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Originally Posted by HansMustermann View Post
So you went into a discussion about subjective pain and generally subjective reporting of how one subjectively feels better after a placebo, expecting it to NOT involve talking about how it's subjective? REALLY?
I'm saying the subjectivity is a red herring. Your objection is pointless because there aren't any other options for measuring pain and pain mitigation.

Quote:
Well, anyway, if you're not interested in this particular topic, you have a back button up there, you can feel free to use it. I have no duty to keep everything dumbed down to whatever level passes your approval : p
I'm interested in the topic. I'm fascinated by your idea that we shouldn't measure pain via self-reporting, even though we don't have any better tools, because it's not an ideal tool.

Tell me more. Tell me what you recommend, as far as the study of pain and its treatment goes. Should we just ignore the entire field, because we can't measure it as reliably as you would like? Should we stop prescribing pain medication at all, because who knows if the patient really is feeling pain in the first place? Should we dismiss the patient who asks for a different prescription, since we have no idea if they're right about their current prescription not working?

What is the practical application, for medicine and pain research, of your objection about the reliability of self-reporting pain?

For me, your objection seems like a dead end. The only way we know someone is in pain to begin with is because they claim to be in pain. If you're going to accept the a priori premise that their self-reported claim is true and indicates a legitimate need for treatment, then it seems silly and pointless to question whether their self-reported claim about the efficacy of the treatment is also true.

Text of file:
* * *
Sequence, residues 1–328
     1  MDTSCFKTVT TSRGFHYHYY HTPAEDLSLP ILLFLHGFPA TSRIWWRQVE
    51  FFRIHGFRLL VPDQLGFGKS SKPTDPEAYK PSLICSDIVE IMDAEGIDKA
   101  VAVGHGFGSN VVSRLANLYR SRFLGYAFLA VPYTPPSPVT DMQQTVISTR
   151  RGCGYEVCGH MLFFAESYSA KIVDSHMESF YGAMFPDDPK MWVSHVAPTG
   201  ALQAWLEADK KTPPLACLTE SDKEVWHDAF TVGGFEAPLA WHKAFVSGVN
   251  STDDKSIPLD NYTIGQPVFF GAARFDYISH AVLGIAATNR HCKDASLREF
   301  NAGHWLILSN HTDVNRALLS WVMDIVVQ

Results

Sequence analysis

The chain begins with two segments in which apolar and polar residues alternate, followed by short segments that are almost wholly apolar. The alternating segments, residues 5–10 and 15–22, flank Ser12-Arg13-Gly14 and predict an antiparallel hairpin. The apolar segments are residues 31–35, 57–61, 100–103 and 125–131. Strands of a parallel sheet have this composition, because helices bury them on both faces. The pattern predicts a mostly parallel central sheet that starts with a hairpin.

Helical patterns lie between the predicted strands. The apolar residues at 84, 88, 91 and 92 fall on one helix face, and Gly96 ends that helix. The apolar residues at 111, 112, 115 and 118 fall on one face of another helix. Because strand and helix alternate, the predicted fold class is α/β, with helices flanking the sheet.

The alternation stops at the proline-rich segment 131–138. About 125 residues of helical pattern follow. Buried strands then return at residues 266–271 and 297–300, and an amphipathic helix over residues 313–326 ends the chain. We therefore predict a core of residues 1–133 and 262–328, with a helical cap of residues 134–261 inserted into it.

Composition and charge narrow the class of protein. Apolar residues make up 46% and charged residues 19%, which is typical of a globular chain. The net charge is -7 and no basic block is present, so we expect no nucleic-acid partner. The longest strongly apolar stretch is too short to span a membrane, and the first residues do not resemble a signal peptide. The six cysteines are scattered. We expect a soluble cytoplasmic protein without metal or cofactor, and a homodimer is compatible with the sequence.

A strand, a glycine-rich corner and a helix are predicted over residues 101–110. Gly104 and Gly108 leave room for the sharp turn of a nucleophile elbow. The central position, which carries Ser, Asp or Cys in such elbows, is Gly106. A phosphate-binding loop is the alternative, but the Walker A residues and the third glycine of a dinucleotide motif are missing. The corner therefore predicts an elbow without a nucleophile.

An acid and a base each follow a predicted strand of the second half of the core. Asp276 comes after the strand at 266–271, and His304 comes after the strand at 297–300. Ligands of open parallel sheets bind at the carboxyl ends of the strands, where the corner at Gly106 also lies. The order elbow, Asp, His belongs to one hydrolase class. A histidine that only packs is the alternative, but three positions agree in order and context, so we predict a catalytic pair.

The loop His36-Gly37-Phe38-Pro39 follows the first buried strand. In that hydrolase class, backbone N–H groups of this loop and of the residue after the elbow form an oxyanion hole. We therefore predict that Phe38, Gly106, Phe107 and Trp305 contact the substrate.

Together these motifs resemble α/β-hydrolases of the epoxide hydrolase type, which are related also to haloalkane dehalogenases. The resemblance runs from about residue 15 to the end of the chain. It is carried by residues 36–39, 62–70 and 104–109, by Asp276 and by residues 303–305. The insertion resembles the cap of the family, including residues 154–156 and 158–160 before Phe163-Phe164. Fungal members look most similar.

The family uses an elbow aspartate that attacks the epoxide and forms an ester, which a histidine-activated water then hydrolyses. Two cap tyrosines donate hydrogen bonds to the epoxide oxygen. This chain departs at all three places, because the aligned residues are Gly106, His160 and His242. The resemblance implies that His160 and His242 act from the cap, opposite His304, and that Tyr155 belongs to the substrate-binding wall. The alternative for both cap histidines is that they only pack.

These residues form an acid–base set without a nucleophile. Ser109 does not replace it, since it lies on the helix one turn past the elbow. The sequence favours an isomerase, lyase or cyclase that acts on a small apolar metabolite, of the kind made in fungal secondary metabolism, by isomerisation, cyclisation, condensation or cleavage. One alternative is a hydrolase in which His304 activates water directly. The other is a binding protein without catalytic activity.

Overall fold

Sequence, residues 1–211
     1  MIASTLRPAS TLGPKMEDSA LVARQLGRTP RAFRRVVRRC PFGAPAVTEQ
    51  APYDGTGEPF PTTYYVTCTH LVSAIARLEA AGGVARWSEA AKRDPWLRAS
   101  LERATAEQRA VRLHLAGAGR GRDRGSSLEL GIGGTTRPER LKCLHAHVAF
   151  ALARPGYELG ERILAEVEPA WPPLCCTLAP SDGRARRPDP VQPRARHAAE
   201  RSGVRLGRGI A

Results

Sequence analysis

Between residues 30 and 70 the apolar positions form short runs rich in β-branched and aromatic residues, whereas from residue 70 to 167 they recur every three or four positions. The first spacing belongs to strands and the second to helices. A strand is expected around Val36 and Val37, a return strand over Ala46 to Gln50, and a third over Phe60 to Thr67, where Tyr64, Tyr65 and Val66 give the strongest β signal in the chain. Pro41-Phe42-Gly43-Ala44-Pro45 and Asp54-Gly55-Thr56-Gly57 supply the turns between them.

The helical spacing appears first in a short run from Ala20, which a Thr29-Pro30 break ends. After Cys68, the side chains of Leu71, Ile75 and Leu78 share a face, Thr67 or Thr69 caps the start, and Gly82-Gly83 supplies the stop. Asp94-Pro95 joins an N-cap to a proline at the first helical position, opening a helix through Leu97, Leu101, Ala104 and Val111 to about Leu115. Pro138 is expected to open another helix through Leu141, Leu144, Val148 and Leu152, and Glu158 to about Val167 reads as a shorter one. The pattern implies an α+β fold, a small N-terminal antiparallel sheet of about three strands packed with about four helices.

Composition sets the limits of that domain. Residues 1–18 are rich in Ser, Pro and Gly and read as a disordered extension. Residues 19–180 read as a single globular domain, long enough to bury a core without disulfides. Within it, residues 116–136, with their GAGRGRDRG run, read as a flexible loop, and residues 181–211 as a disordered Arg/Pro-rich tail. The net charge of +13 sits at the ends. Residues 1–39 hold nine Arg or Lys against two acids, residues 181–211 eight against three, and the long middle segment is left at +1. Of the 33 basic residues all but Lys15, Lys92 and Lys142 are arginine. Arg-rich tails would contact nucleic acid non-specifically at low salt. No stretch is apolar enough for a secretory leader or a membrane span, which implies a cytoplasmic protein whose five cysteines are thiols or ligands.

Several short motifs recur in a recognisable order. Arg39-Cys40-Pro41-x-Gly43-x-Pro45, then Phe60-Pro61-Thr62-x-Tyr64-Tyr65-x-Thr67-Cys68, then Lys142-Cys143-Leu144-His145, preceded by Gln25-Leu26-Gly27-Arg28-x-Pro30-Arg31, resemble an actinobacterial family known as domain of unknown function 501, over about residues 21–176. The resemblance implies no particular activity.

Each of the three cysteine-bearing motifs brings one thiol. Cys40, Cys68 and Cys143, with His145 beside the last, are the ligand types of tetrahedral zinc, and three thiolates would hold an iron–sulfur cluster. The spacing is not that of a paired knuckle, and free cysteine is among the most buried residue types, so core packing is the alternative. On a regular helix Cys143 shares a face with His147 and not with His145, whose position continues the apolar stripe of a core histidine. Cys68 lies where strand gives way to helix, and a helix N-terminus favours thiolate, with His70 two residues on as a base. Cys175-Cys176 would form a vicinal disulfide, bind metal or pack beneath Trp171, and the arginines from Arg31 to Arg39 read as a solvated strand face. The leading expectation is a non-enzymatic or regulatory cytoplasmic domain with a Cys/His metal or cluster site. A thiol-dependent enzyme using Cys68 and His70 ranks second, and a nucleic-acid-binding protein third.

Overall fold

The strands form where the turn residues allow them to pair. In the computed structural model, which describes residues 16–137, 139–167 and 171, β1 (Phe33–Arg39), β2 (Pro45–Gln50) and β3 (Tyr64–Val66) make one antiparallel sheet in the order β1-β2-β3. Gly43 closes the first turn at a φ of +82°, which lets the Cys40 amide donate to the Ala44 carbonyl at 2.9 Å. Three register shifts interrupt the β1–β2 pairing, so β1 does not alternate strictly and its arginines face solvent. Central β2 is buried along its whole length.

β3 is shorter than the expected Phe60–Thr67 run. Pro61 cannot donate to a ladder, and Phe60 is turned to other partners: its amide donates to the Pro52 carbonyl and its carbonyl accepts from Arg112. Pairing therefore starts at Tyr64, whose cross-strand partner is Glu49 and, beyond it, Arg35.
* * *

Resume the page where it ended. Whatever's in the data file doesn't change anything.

What exactly is the practical application you are proposing, from the premise that pain is qualia? What practical application could there reasonably be, other than, "qualia is what we have, so qualia is what we're going to work with. Be mindful of its implications, and do the best you can"?
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Old 9th August 2021, 02:26 PM   #49
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Originally Posted by HansMustermann View Post
1. No. It goes beyond that. I'm asked to believe that people can actually make an accurate comparison for such a sensory signal / qualia, even though they provably CAN'T do it for any other senses / qualia.
Again, no. Every disproof you've appealed to is comparing people's senses to something external, and showing that those senses don't accurately represent the objective reality of that external thing.